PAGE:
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date: 12 April 2021

Singing keyboardlocked

  • Hugh Davies


Electromechanical keyboard instrument developed by Frederick M. Sammis at RCA in Hollywood about 1936 and designed for use in film studios. Each of the ten (or perhaps more) keys on the keyboard controlled a separate strip of pre-recorded film soundtrack, which was played back when the key was depressed. The soundtracks could contain recordings of music, speech, or sound effects. The mechanism of the instrument included a device that silently returned each film strip to its beginning as soon as the key was released. The principle of the ‘singing keyboard’ is the same as that found in several patents in the 1920s for instruments based on sounds pre-recorded on magnetized discs and wires, and in the Mellotron (1963), which uses magnetic tapes. About 1933 Sammis collaborated with Arnold Lesti on the Polytone.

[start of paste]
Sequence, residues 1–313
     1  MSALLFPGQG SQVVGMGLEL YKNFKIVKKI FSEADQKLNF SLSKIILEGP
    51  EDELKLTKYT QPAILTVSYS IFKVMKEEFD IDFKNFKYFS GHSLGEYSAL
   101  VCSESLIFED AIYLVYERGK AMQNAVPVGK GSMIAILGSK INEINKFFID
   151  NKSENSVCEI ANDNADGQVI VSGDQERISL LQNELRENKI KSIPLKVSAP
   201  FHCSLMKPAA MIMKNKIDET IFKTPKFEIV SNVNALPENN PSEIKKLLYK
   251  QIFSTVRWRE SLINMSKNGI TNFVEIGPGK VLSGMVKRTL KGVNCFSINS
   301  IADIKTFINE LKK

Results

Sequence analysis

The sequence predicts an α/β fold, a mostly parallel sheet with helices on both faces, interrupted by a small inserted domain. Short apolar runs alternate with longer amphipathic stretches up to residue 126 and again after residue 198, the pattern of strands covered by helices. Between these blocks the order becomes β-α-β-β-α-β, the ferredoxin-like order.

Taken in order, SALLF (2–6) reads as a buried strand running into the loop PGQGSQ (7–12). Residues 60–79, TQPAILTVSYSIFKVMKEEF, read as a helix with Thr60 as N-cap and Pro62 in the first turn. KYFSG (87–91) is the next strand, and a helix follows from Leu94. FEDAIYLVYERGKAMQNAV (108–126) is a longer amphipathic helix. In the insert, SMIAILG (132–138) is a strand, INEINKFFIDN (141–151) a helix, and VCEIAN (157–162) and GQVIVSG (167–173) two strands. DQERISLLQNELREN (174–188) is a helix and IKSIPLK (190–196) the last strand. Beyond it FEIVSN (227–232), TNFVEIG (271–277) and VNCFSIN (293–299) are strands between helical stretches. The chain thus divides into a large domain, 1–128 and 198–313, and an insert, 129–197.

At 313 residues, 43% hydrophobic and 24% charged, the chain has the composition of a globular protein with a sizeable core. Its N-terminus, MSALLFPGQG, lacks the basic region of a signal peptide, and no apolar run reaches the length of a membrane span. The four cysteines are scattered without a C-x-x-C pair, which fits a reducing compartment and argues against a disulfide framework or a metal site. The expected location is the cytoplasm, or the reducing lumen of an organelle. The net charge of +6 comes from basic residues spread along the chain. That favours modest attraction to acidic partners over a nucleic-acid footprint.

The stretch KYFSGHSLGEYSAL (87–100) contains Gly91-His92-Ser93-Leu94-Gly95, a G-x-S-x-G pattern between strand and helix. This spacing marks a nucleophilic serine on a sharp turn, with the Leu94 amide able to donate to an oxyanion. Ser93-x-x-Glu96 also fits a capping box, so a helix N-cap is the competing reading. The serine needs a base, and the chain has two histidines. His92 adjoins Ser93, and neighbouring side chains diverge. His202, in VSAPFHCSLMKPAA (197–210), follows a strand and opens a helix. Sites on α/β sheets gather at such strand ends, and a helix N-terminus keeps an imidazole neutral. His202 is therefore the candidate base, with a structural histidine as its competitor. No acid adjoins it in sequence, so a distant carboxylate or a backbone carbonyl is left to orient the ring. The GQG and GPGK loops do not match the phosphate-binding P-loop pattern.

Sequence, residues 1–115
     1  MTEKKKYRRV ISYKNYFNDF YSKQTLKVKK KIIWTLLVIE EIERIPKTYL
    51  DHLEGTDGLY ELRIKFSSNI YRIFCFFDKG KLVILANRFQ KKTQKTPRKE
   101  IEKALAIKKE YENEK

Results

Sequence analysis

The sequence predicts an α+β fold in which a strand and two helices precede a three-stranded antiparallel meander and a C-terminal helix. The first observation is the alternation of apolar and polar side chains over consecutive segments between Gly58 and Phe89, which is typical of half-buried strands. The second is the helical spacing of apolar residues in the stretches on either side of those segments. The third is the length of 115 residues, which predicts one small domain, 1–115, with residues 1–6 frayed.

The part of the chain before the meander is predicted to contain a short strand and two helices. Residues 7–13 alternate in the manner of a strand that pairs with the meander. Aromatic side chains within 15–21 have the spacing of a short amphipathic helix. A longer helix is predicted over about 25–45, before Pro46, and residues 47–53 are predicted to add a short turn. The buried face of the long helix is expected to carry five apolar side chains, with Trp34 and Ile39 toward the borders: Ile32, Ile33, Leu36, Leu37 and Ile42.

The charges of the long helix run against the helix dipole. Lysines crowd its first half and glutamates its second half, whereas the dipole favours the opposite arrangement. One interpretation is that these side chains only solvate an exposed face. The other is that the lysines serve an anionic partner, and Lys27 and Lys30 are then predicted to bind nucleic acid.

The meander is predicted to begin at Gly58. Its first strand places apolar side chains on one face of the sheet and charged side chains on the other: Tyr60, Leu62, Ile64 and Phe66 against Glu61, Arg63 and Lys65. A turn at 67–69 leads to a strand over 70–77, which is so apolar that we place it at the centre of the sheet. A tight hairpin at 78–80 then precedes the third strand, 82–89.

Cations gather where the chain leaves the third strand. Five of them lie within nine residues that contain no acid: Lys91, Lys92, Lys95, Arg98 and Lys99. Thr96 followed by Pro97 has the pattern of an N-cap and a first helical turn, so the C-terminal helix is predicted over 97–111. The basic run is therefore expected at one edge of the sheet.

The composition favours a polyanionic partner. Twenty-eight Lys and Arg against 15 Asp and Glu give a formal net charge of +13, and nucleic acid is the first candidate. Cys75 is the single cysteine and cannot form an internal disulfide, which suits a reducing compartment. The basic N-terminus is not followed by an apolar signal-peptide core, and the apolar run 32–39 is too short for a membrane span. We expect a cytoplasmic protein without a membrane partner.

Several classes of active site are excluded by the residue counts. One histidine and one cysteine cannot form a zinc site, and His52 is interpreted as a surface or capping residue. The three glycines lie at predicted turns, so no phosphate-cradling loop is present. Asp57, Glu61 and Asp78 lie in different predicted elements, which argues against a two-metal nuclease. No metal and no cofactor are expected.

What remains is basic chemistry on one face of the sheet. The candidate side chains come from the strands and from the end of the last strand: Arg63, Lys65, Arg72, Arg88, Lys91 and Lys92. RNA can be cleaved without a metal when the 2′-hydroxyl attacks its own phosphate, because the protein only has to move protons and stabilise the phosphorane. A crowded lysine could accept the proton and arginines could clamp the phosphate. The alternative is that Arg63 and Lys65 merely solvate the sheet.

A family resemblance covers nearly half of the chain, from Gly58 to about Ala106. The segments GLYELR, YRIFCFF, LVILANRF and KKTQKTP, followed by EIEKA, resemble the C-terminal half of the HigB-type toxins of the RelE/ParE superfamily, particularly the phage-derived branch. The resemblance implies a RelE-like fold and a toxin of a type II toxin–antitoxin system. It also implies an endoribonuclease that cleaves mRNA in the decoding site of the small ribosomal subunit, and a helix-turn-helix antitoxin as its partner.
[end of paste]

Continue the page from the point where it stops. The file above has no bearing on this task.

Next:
F.M. Sammis: ‘The Singing Keyboard’, Radio-Craft (1936), no.7, 588, 617 T. Rhea: ‘Electronic Perspectives: Photoelectric Acoustic-Sound Instruments’, ...

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